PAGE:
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B.C. Lions' Arland Bruce III, right, just misses making the reception as Montreal Alouettes' De'Audra Dix looks on during the second half of a CFL football game in Vancouver, B.C., on Saturday November 5, 2011. THE CANADIAN PRESS/Darryl Dyck

Darryl Dyck/CP

The B.C. Lions and Montreal Alouettes played the first game in CFL history to decide first place in both the East and West divisions Saturday.

But it wasn't much of a contest.

The Lions annihilated the Alouettes 43-1 before 35,454 at B.C. Place Stadium, and clinched their first West Division title since 2007. B.C. will get a first-round bye when the CFL playoffs begin next weekend, and wait for the winner of a western semi-final between the Edmonton Eskimos and Calgary Stampeders.

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The victory also means that the Lions are just one home victory away from advancing to the 99th Grey Cup game on Nov. 27 in Vancouver. B.C. was the last CFL team to win the championships on home turf in 1994.

The Alouettes, meanwhile, squandered an opportunity to win their fourth consecutive East Division crown and fell to second place. The Winnipeg Blue Bombers (10-8) take top billing because they hold a tiebreaking advantage over the Als (10-8).

In the CFL semi-finals next Sunday, Montreal will play host to the Hamilton Tiger-Cats at the Olympic Stadium (1 p.m. ET), while the Battle of Alberta will follow from Edmonton's Commonwealth Stadium (4:30 p.m. ET).

B.C., Edmonton and Calgary all finished with 11-7 records in the West, but the Lions took first place, and the Eskimos second, based on head-to-head record during the regular season. The Lions began the season 0-5, but completed a worst-to-first renaissance by winning 11 of their last 13 games, including eight in a row.

"It was huge mental effort, and that was the hardest part of that," quarterback Travis Lulay said. "Everyone is questioning what you're doing and rightfully so because you are 0-5. For the guys to be able to believe in what we were doing, you've got to tip your hat to the coaching staff and the leaders on this team."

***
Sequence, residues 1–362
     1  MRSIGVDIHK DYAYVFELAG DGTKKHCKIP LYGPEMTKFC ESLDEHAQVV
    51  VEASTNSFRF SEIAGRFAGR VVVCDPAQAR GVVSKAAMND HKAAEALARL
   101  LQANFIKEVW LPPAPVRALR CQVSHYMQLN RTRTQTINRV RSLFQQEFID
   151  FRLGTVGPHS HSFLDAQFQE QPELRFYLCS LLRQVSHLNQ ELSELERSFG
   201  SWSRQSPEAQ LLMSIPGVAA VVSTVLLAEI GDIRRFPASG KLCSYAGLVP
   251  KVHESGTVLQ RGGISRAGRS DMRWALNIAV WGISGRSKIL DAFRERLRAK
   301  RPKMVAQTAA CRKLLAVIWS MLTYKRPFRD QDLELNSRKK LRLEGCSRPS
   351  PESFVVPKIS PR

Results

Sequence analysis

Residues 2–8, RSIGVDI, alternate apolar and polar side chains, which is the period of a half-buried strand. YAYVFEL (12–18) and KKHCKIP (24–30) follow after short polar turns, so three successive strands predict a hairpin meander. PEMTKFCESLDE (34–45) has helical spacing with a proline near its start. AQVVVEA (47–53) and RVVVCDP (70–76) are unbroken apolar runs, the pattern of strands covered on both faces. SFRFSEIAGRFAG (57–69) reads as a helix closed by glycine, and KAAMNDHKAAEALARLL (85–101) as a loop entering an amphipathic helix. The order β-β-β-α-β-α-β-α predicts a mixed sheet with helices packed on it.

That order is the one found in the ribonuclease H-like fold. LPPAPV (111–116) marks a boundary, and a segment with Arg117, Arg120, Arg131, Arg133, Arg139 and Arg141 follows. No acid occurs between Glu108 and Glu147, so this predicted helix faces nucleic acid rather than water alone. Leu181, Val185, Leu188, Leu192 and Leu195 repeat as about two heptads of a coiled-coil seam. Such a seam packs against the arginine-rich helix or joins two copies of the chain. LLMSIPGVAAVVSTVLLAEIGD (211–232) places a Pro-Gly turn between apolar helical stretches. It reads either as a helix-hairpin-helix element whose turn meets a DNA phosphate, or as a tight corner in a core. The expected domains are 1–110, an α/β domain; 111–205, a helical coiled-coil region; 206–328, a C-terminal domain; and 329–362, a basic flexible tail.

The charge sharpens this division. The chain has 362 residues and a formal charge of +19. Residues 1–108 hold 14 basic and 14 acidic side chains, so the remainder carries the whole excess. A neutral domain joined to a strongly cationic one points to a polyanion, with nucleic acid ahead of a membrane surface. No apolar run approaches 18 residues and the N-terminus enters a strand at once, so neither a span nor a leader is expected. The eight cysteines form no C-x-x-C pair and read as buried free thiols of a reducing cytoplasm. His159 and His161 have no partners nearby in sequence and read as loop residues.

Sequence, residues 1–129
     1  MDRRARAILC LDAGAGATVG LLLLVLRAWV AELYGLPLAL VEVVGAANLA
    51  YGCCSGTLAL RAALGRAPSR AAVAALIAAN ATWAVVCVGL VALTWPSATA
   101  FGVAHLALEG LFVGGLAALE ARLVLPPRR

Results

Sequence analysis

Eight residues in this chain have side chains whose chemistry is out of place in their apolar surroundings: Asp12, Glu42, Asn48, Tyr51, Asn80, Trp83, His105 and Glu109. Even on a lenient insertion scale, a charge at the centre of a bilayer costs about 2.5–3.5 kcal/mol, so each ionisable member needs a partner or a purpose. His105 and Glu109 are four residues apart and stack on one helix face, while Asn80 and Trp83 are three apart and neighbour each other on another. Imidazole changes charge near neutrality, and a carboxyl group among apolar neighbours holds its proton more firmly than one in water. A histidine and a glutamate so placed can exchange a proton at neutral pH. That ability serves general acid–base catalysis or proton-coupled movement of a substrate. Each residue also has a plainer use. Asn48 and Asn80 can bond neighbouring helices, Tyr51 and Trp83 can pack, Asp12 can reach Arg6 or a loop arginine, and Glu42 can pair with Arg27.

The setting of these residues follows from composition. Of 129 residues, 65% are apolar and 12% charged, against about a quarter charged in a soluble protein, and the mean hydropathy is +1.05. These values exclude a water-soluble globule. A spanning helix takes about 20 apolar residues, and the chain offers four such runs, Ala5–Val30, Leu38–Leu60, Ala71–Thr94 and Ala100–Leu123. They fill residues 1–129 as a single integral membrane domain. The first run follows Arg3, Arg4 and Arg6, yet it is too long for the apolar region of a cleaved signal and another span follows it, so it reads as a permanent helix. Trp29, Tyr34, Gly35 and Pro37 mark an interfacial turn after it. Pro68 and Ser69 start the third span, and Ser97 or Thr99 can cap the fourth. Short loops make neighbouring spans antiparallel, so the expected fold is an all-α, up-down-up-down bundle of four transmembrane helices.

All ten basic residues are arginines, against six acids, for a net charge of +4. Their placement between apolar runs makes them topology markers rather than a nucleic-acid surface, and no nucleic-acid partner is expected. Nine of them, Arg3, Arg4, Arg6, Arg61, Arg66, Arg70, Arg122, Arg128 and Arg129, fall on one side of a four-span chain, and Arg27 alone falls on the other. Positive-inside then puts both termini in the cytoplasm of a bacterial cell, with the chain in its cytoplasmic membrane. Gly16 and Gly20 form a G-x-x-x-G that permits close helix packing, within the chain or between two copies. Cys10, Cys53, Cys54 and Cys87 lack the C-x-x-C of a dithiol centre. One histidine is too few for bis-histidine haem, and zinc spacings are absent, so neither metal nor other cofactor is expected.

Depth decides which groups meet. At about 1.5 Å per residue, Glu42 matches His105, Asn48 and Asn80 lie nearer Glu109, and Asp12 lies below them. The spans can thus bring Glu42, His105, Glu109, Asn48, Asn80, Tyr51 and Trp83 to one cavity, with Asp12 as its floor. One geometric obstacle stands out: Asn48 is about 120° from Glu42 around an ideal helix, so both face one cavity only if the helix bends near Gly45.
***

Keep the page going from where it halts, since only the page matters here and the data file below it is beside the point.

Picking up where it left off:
B.C. pounced on Montreal after allowing a punt single on the opening possession, ending the game efficiently with an onslaught from both sides of the ball. The Leos scored 43 straight points by dominating the line of scrimmage on defence, and executed their offence with precision and ease.

About the only thing that went wrong was an minor injury to Lulay, who took a needless hit from Als linebacker Chip Cox early in the fourth quarter with the score 37-1. There was little reason for Lulay to be in the game with the score so lopsided, but head coach Wally Buono defended his decision by saying that his quarterback wanted to stay in the game.

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"This is football," Buono said. "It's not matter of what the score want to keep pedal to the metal."

Lulay finished with 280 passing yards and four touchdowns, putting a punctuation mark on his candidacy for the CFL's most outstanding player award in a head-to-head showdown with Calvillo. He said he suffered a charley horse on his left thigh, and will be able to play in West final on Nov. 20.

"Fortunately, I feel good about recovery," Lulay said. "It is going to be sore for a couple of days, but the extra week off is going to be helpful."

Lulay went seven-for-seven on B.C.'s opening drive, which culminated with an 11-yard touchdown catch by Andrew Harris. The Lions running back would make it 14-0 on the next possession with a 33-yard touchdown reception, and he had a third touchdown grab on the first drive of the third quarter to make it 31-1 for B.C.

Shawn Gore also had a touchdown catch, the first of his CFL career, on a seven-yard pass midway through the second quarter.

The Alouettes were anemic on offence and went into the half trailing 24-1. That was due to an overwhelmed offensive line that could not block B.C.'s defensive front.

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Defensive end Brent Johnson, who will retire after this season following a brilliant 11-year career, had two sacks while subbing for injured starter Keron Williams.

Calvillo, sacked four times, was yanked with less than five minutes remaining in the third quarter, a mercy pull from head coach Marc Trestman. The leading passer in professional football history was replaced by Adrian McPherson after completing just nine of 17 passes for 63 yards.

"We've had three opportunities in the last three weeks [to win the East]..and today we didn't give ourselves a chance at all," Calvillo said. "It was embarrassing."

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